The New York Times

I’m an honest guy: I confessed publicly when The New York Times solicited me to write a piece about the legal profession and then rejected my submission (because it had been preempted by a DealBook special).

I confessed publicly again when I submitted a second piece — this time about the future of legal education — and was again promptly rejected.

But enough of confessions: Today, I’m here to gloat! Here’s a link to “Have We Met?” which appeared yesterday in the “Sunday Review” (formerly “The Week In Review”) section of The New York Times.

Part of me says that I should end this column right here. I should say something snooty like, “Hey, Lat! I published an essay in the Times yesterday. Isn’t that enough recreational writing for a week? I’m outta here.” But Lat would probably complain, saying that I hadn’t pulled either my weight or enough people through the “continue reading” icon. What can I tuck behind that icon that will suck you through the jump?

Aha! Three things! First, how do you get an op-ed published in the Sunday Times? Second, if you pull off that feat, how much does the Times pay you for your work? And, finally, do I have a clever story linking what I wrote in the Times to Above the Law? You’re in luck! . . .

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Lawyers and puzzles fit together well. The practice of law is all about problem solving. It makes perfect sense to have logic games on the LSAT (despite the hatred that many of you might have for them).

So perhaps it won’t surprise you to learn that a king of the crossword puzzle world is a lawyer by training. Where did he go to law school, and why? And how did he make the jump from the legal profession to puzzles?

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Oh, God, no!

– Justice Clarence Thomas, in response to a question about whether he reads the New York Times every day. The question was asked at the University of Kentucky, where Justice Thomas spoke yesterday.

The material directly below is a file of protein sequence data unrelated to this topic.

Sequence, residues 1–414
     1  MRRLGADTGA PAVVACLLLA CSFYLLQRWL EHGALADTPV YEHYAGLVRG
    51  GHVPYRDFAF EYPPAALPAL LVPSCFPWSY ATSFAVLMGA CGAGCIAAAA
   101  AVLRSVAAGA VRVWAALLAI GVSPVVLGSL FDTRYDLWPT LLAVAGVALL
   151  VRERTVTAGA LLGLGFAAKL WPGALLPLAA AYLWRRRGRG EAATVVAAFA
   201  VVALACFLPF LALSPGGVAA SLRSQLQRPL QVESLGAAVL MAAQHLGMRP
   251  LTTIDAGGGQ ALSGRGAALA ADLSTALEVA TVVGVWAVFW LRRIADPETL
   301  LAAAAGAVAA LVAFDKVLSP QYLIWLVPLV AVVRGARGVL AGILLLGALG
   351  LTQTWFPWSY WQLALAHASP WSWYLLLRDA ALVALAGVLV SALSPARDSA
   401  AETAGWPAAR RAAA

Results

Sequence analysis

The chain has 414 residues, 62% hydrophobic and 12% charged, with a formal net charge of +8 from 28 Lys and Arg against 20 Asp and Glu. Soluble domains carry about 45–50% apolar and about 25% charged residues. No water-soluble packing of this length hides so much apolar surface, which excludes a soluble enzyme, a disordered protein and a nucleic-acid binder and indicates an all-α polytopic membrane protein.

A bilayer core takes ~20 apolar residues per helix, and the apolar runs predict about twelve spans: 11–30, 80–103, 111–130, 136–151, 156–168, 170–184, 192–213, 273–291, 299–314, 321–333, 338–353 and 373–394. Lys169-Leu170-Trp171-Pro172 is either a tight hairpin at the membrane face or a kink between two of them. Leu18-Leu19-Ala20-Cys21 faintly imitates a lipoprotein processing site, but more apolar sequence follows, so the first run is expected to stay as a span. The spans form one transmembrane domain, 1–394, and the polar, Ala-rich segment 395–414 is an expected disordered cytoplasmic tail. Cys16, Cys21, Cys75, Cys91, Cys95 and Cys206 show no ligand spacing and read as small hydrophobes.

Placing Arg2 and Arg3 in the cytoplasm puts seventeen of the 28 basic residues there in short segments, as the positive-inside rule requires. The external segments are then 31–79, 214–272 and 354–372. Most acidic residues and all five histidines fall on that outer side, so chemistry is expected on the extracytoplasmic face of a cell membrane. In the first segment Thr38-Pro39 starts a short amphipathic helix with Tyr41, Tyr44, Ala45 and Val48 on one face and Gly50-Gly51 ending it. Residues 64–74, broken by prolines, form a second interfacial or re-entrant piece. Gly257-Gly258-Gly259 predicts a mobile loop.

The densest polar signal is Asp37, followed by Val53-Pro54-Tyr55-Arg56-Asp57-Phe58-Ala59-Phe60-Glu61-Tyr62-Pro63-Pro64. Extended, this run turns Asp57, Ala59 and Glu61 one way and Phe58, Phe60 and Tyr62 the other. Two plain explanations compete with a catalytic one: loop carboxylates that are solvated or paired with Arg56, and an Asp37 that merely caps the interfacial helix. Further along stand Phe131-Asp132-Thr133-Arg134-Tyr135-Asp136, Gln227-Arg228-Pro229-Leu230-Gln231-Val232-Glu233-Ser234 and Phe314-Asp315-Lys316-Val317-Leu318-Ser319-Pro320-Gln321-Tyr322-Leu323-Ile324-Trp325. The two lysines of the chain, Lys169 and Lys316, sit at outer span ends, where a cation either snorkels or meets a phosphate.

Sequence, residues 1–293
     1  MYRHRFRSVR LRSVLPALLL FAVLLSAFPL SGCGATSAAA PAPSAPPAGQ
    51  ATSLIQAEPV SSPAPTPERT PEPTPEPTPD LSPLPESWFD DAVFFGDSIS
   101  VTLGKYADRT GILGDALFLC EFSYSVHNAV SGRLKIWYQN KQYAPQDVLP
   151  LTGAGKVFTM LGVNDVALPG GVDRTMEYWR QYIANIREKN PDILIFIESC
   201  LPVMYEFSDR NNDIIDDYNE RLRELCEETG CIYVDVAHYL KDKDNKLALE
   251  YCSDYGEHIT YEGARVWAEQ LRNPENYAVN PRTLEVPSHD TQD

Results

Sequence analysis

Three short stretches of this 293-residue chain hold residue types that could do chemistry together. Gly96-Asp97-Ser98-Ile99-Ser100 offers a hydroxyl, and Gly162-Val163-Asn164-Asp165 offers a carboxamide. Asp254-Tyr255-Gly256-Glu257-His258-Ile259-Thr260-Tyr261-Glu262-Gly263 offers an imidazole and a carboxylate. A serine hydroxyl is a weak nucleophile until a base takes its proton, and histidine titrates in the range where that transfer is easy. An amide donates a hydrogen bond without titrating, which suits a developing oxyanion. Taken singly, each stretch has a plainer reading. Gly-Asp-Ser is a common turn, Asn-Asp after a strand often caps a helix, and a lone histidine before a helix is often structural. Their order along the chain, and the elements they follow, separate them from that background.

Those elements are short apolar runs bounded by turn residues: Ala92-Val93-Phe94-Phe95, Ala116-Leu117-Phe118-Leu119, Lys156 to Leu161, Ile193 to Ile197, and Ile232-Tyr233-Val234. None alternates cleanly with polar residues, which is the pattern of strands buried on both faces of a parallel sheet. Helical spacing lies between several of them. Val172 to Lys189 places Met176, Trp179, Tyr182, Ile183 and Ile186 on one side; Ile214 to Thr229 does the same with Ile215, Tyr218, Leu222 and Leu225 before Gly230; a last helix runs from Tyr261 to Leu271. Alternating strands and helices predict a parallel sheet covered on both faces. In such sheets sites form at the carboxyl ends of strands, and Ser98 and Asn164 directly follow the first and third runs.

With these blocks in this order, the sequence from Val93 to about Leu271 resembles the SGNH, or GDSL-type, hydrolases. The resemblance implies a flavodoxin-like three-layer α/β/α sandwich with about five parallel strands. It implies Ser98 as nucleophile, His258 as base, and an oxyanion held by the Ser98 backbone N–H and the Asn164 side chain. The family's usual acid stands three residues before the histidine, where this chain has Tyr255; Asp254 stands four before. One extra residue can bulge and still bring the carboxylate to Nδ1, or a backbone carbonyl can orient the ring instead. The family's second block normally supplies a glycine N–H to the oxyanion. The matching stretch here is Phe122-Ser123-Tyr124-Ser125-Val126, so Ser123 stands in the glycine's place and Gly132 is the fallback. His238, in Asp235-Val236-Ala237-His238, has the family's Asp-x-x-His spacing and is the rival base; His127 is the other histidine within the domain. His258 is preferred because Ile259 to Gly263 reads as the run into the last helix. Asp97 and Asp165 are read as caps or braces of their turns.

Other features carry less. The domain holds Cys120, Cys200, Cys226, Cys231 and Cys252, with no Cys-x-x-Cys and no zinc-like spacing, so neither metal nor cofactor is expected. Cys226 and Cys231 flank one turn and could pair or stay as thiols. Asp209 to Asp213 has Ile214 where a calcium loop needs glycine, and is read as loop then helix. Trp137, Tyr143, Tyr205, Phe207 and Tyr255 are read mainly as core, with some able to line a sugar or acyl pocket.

The ABA stopped talking and started firing shots.

Well that was fast.

Over the weekend, the New York Times unleashed a feature article about the role of the American Bar Association in keeping the cost of legal education absurdly high. The school profiled in that article, which we talked about yesterday, was Duncan Law School, which was seeking provisional accreditation from the ABA.

The article, by legal academia bête noire David Segal, came out in print on Sunday. Everybody talked about it on Monday. And today, on Tuesday, the ABA denied Duncan its provisional accreditation.

Boom. Roasted.

That’ll teach these law schools to get chatty with the mainstream media about this little legal education cartel they have going here…

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[A] law school could literally burn a huge sum of money and, as long as the flames were meant to teach something to the students — the craziness of the U.S. News algorithm, perhaps? — the school would benefit in the rankings.

New York Times journalist David Segal, responding to a reader’s question in relation to his series of articles about the economics of law schools. Segal’s latest article, For Law Schools, a Price to Play the A.B.A.’s Way (our coverage here), concluded the series.

(Additional excerpts from Segal’s responses, after the jump.)

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'Til billable hours requirements do we part.

Since getting engaged, I’ve been wondering whether we should even bother trying to get into the New York Times wedding section. I’m sure that almost every newly engaged couple has similar thoughts, especially the blushing bridezillas in training. After all, the NYT wedding section is the place to announce your upcoming nuptials. Being featured in those hallowed pages is viewed as the ultimate sign of marital prestige.

You literally cannot go wrong with a write-up in the NYT wedding section (unless, of course, you end up with a Sex and the City situation and it looks like you’re a woman with a Hitler-esque mustache). So is there an easy way to get into the esteemed wedding section?